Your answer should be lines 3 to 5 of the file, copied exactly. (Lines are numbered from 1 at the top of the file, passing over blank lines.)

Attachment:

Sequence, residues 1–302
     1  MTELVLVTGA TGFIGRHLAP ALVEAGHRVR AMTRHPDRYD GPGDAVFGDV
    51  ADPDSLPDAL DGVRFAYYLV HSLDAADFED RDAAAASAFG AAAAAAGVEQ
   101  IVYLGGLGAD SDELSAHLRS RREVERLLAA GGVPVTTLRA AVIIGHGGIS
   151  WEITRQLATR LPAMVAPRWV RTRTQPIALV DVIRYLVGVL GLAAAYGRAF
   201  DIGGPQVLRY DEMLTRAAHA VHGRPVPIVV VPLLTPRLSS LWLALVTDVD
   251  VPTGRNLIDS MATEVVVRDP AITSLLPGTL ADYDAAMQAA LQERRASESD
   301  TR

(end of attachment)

    51  ADPDSLPDAL DGVRFAYYLV HSLDAADFED RDAAAASAFG AAAAAAGVEQ
   101  IVYLGGLGAD SDELSAHLRS RREVERLLAA GGVPVTTLRA AVIIGHGGIS
   151  WEITRQLATR LPAMVAPRWV RTRTQPIALV DVIRYLVGVL GLAAAYGRAF